The Incumbent Worker Training Grants are jointly administered by the Tennessee Department of Labor & Workforce Development and Tennessee’s Local Workforce Investment Areas (LWIAs). Interested companies can contact their LWIA for available funds at For further information and the Incumbent Worker Training Grant application form go to

Press Releases

Tennessee Unemployment Rate Up Again in June: 9.8 Percent

Press Release from the State of Tennessee, July, 21, 2011:

Gradual Increase in State Rate Mirrors National Trend

NASHVILLE – Tennessee Commissioner of Labor & Workforce Development Karla Davis announced today Tennessee’s unemployment rate for June was 9.8 percent, up slightly from the May revised rate of 9.7. The national unemployment rate for June 2011 was 9.2 percent, up from the May revised rate of 9.1 percent.

“The decline in employment combined with a slight expansion in the labor force explains the higher unemployment rate,” Commissioner Davis said. “This is the third month in a row in which the unemployment rate has slightly increased.”

According to the household survey conducted by the Labor and Workforce Development department, the number of employed Tennesseans decreased by 3,200 from May to June 2011. The civilian labor force increased by 1,800, and at 3,143,900 is the highest on record.

“The increase in employment levels over the last 12 months is still positive with more than 74 thousand jobs gained,” added Davis. “This growth rate of 2.7 percent is much higher than the national employment picture which only grew 0.2 percent from June 2010 to June 2011.”

Major Changes in Estimated Nonagricultural Employment

May 2011 to June 2011

Month-to-month increases occurred in leisure and hospitality, up 4,700 jobs; mining, logging, and construction was up 1,900; and manufacturing increased by 1,600. Government jobs decreased by 30,800 (mostly due to local government educational service declines); educational services were down by 3,000; and administrative, support and waste services declined by 1,700.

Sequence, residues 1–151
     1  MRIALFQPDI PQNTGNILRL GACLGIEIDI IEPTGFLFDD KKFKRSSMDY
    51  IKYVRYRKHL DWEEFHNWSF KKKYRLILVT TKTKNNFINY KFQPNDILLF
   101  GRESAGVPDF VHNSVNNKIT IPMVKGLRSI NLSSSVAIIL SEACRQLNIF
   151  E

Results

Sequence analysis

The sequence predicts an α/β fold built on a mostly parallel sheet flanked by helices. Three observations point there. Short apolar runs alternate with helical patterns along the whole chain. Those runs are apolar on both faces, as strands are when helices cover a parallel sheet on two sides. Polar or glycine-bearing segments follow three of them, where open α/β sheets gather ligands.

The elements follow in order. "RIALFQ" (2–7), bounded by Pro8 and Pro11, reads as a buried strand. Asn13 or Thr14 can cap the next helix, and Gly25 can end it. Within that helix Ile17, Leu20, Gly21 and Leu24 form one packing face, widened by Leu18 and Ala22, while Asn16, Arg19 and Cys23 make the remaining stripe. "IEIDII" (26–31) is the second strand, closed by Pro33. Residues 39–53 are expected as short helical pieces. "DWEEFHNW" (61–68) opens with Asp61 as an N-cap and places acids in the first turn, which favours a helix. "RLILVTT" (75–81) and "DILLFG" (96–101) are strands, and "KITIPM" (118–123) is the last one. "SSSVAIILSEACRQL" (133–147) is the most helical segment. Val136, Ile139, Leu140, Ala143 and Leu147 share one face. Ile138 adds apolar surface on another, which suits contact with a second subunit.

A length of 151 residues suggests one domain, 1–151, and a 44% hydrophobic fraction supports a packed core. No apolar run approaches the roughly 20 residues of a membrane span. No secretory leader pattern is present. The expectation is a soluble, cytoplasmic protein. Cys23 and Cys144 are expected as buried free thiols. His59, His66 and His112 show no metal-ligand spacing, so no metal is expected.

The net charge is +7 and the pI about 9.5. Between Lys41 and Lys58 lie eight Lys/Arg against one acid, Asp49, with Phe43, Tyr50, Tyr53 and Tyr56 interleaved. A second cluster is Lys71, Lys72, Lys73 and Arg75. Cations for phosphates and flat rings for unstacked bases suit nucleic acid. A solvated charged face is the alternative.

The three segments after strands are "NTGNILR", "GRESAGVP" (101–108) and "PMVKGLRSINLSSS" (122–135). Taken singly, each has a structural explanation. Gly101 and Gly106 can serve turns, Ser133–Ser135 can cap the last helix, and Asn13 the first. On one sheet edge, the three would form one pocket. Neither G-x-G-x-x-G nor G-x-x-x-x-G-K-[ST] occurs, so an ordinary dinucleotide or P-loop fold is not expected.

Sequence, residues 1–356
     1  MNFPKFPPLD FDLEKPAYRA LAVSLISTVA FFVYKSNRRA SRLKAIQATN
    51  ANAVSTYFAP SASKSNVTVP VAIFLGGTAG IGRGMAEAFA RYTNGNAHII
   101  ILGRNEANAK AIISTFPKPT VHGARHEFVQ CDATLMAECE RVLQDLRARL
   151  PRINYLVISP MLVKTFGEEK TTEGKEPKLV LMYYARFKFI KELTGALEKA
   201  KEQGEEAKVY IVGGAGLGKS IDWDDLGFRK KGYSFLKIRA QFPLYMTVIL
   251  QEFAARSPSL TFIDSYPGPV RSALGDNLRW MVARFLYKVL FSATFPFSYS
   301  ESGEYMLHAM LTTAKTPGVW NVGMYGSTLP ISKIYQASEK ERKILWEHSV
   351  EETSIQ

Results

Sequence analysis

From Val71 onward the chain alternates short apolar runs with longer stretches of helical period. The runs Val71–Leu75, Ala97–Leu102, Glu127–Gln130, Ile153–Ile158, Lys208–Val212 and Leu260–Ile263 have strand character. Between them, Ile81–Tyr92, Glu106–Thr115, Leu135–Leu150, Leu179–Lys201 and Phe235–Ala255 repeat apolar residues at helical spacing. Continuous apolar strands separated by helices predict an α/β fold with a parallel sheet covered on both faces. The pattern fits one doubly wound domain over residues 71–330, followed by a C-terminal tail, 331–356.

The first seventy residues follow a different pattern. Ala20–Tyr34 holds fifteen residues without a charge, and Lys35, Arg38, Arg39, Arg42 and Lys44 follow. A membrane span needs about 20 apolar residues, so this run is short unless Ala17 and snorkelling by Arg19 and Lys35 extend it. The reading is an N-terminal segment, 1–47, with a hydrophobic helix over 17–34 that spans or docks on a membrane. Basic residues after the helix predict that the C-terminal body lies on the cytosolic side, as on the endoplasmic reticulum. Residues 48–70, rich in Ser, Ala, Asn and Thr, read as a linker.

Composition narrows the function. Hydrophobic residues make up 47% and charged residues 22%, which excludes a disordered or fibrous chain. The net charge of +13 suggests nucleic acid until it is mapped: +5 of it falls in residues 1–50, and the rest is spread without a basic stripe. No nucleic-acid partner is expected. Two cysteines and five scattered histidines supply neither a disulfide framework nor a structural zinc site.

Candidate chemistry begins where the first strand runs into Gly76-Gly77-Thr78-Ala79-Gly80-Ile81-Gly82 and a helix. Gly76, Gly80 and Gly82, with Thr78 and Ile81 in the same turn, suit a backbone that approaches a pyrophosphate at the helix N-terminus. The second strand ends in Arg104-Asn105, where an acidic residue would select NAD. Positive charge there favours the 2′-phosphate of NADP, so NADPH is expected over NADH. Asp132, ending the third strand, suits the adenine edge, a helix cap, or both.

Major Changes in Estimated Nonagricultural Employment

June 2010 to June 2011

Year-over-year increases took place in private educational and health services, up 7,100 jobs; transportation and warehousing, up 5,500; and food services and drinking places increased by 5,300.

Employment decreases took place in government, down 11,000; retail trade, down 2,600; and accommodation, down 2,200.

Press Releases

DOL Creates Online Application for Unemployment Benefits Extension

State of Tennessee News Release, Dec 07, 2009:

Approximately 25,000 Tennesseans Eligible for Additional Benefits

NASHVILLE — The Tennessee Department of Labor and Workforce Development is on schedule to complete the online applications for the latest federal extension of unemployment benefits. The application will be available on the Tennessee Department of Labor’s Internet site on December 11, and the first benefit payments are expected to be mailed December 18, 2009.

“This project has been given the highest priority, and the department’s Information Technology division has worked nights, weekends and holidays to do the extensive programming required of our systems to extend these benefits,” said Labor Commissioner James Neeley. “Those who have already exhausted their benefits should look for instructions in the mail this week with the status of their claim.”

The online application will be necessary for claimants who have exhausted all prior benefits. Additionally, those who exhausted benefits prior to the February 27, 2009, deadline for State Extended Benefits may also be eligible and are encouraged to apply.

Tennesseans who exhaust their State Extended Benefits (EB09) after December 17, 2009, will automatically transition into the new program without having to reapply.

“During this slow economic period, we have seen an unprecedented number of Tennesseans staying on unemployment until they exhaust their benefits,” said Neeley. “This will give those who are still looking for work more time to cover their expenses through the holidays and into 2010.”

This federally funded extension is the fourth announcement of benefits beyond the initial 26 weeks of unemployment compensation provided by the state. While the intent of the bill was to add 20 weeks of payments, an oversight in the way the federal law was structured prevented individuals from receiving the maximum weeks of entitlement. Depending on an individual’s initial claim eligibility, wage history and subsequent employment status, the maximum entitlement for the latest extension of unemployment benefits is 14 weeks.

The Department of Labor and Workforce Development has posted details of the extension with an extensive list of frequently asked questions on their Internet home page at For Tennesseans without Internet access, Tennessee Career Centers throughout the state are available at no charge. Go here to find a Career Center in your area, or call 1-800-576-3467.